Wednesday, March 03, 2004


I bought a Sanskrit-English dictionary online from When I got it this week, I realized it's going to be almost useless to me. It's only Sanskrit-English, with no English-to-Sanskrit section, and all the Indic words are in the Devanagari script, which I do not read. By the typeface it looks to be an older book, possibly 19th century, originally published in India and reprinted in the 1990s in England.

Still, it's fascinating, and I find myself sitting up at night, thumbing through it, scanning the columns of strange script and familiar definitions. A dictionary half in an unknown language is a fountain of inspiration. Delightful connections are expressed there, along with conceptions that convince me that, in ancient India, the world had a civilization that has hardly been matched in subtlety and sophistication.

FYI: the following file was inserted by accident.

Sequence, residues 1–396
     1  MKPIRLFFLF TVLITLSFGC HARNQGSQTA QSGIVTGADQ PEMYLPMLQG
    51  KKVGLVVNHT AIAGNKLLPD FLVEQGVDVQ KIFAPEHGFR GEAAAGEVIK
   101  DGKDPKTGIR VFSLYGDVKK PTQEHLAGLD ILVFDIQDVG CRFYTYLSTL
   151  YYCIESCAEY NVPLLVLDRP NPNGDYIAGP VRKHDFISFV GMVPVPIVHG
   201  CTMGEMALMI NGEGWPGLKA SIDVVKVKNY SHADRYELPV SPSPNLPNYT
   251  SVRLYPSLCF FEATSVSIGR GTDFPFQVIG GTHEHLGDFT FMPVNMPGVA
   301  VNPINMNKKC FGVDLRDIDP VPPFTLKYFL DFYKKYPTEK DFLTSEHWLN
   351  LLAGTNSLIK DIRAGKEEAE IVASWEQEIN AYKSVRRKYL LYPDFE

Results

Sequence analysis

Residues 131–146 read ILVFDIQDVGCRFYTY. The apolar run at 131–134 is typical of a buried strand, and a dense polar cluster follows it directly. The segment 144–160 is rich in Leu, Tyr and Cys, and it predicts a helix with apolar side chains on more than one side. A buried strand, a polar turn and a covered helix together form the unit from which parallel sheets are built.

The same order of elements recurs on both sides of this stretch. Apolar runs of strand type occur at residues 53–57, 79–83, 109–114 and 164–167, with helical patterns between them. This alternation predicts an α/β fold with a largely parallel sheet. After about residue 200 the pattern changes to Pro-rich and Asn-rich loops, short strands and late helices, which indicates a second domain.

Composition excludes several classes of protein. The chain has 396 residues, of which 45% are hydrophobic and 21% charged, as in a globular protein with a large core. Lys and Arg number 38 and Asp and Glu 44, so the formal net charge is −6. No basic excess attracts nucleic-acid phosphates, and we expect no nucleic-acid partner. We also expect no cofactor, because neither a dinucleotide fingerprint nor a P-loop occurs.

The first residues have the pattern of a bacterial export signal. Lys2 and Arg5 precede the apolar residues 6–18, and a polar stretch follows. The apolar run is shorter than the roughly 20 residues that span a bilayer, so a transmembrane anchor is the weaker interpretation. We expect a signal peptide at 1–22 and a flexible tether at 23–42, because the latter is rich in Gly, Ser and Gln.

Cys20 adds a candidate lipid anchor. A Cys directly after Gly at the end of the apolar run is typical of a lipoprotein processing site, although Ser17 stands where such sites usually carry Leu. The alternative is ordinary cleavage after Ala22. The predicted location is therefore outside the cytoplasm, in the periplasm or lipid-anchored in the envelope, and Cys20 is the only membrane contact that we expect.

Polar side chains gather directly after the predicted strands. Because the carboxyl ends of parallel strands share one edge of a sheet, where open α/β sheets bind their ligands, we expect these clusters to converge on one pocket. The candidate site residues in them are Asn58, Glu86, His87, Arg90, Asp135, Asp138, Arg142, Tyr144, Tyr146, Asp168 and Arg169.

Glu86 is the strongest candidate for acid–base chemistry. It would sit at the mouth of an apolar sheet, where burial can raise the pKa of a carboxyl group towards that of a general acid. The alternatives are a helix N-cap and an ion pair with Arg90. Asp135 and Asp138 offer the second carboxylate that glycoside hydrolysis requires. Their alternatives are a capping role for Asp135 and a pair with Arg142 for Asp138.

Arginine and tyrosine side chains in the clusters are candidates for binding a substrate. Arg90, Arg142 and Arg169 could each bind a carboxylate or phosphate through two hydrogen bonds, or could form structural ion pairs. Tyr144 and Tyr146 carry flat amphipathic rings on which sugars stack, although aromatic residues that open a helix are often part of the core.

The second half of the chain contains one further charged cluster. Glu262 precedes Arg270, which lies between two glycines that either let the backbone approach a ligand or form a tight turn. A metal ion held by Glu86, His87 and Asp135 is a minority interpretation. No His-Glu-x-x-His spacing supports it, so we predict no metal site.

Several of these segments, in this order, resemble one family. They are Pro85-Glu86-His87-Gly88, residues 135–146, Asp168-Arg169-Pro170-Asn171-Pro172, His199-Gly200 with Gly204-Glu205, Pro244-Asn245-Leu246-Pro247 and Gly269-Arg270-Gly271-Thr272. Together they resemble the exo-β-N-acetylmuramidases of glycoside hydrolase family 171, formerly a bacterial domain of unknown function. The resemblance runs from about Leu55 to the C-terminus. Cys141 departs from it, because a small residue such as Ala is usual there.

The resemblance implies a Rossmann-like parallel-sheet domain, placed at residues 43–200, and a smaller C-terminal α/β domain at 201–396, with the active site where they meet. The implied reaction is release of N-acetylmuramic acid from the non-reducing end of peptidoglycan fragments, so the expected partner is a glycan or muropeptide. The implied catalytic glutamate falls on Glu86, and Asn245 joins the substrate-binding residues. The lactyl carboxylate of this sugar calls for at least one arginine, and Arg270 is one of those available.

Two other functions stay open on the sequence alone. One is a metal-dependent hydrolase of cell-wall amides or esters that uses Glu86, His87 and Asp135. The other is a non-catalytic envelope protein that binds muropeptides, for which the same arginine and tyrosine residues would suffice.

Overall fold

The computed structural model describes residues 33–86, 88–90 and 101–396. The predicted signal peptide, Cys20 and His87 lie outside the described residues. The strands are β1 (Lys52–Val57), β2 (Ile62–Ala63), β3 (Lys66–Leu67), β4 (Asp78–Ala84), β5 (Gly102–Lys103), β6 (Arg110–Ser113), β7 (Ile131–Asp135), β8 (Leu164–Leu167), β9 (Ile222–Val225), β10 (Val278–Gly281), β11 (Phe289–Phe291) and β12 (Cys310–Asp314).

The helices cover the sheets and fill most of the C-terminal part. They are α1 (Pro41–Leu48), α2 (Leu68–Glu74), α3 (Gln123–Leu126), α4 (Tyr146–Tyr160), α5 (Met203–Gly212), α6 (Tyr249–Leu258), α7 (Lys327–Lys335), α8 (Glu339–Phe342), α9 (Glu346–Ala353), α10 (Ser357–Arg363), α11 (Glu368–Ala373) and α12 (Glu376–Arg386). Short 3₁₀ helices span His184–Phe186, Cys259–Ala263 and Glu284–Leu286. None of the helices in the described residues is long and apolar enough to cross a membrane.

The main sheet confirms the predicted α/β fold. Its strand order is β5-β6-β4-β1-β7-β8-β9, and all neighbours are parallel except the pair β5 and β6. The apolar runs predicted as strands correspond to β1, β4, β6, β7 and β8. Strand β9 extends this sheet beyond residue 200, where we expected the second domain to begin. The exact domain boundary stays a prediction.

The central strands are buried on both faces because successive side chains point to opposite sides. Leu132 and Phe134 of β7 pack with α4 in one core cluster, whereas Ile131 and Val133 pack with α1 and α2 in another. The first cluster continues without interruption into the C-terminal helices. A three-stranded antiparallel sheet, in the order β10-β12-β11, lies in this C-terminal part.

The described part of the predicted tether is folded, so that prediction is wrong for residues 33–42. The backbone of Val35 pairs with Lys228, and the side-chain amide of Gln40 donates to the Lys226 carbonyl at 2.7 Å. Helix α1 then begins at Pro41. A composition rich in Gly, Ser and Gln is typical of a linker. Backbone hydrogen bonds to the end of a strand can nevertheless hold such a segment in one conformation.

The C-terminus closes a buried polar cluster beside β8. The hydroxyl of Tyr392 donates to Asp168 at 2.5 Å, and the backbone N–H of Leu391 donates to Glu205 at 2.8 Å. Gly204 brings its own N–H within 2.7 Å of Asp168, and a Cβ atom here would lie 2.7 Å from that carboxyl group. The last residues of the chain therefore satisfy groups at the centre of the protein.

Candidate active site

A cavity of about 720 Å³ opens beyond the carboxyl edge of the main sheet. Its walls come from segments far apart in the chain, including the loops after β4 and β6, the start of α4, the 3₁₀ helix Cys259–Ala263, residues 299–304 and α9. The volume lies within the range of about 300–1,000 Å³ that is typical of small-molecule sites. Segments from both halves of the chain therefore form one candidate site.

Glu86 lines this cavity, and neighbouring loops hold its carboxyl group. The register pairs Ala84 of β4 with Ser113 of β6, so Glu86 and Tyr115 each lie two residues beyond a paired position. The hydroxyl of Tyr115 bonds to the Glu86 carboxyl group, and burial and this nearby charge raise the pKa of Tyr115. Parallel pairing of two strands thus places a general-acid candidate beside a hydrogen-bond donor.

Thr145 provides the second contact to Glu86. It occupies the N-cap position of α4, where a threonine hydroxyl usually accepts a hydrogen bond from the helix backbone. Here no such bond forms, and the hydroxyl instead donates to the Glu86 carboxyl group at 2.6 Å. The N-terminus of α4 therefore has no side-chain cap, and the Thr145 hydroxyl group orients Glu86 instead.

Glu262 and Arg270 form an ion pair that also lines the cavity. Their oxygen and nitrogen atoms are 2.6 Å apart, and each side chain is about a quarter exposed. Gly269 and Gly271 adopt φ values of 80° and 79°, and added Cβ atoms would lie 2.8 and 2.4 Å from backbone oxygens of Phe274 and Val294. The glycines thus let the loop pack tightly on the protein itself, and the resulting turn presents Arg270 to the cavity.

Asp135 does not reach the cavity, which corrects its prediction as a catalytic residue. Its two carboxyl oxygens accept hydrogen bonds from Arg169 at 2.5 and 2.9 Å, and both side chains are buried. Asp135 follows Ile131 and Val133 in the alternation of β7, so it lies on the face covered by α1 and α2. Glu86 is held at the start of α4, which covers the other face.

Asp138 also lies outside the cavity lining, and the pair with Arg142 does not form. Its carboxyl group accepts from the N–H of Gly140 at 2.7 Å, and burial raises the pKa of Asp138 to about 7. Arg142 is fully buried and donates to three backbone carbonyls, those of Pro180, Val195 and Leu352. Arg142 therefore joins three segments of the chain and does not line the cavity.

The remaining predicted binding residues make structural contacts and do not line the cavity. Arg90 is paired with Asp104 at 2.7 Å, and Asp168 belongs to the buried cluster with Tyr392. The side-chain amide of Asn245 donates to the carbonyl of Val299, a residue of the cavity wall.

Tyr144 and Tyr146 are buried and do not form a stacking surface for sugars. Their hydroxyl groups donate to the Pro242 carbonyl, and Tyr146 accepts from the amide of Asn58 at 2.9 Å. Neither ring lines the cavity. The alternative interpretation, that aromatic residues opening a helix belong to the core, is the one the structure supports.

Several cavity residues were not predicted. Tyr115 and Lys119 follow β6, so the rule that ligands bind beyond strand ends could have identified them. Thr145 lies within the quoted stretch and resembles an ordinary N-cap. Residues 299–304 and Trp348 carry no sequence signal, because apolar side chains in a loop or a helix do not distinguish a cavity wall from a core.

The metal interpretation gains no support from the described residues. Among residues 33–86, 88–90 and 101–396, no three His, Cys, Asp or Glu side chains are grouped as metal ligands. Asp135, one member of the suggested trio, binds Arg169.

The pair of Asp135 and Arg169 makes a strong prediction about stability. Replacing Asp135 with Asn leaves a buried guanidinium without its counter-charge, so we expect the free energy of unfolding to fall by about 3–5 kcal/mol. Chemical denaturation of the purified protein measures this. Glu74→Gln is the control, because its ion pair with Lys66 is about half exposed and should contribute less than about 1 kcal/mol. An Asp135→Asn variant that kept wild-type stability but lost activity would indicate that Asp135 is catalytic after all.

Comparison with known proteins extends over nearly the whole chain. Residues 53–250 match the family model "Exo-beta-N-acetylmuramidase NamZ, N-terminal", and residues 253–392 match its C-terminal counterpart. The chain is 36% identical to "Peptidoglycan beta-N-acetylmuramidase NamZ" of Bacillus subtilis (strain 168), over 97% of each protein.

• A man who does not cook for himself; a bad cook [a term of abuse].
  • A mouse; a miser.
  • Licked; surrounded.
  • m. A bee; a scorpion. f. A woman's female friend.
  • A whirlpool, a crowded place.
  • Inaccessible; unfit for sexual intercourse; difficult to understand.

There are whole sermons and life lessons in a single word:

  • Repentance, intense enmity, close attachment.
  • Fire; appetite; gold.
  • A great danger; a desperate act.
  • Supported; haughty; near; obstructed.
  • Touched; violated; judged; endured.
  • Relaxation; independence.

There are mysteries fit to be taken whole as a poem by Wallace Stevens or William Carlos Williams, or to inspire a Borges ficcione:

  • A benediction; a serpent's fang.
  • Homeless, imperishable.
  • Ungovernable; necessary.
  • Painting figures on the body; feathering an arrow.

I meet words I wish I had; that is, words for which there is no single word in English that covers the same territory:

  • Pleasure arising from sympathy.
  • One who has suppressed his tears.
  • An illustration of a thing by its reverse.
  • A practice not usually proper to the caste but allowable in time of distress.
  • A figure of speech dependent on sense and not on sound.